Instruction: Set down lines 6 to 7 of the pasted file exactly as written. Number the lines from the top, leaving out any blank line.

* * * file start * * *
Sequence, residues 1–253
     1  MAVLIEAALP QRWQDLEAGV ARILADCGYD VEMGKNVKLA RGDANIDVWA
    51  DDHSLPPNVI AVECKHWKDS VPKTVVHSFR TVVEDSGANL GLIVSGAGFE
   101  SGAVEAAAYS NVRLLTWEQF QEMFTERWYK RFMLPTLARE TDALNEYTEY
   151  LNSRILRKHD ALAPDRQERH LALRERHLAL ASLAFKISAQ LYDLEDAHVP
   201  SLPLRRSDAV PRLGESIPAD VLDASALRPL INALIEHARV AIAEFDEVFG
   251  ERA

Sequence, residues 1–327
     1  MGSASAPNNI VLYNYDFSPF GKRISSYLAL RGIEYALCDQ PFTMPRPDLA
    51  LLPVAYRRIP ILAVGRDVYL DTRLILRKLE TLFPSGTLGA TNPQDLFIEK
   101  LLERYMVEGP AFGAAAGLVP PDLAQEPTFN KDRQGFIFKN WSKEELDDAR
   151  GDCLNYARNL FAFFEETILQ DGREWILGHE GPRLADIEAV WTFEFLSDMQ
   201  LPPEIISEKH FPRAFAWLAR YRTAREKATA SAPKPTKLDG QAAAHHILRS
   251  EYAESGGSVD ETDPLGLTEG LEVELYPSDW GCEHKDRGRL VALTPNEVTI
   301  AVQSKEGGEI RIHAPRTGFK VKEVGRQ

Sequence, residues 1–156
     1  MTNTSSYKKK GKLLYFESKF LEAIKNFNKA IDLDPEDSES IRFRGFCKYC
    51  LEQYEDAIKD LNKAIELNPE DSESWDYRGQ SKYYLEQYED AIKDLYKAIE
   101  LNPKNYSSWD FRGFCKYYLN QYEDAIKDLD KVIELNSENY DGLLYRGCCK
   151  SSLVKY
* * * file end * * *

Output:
   201  SLPLRRSDAV PRLGESIPAD VLDASALRPL INALIEHARV AIAEFDEVFG
   251  ERA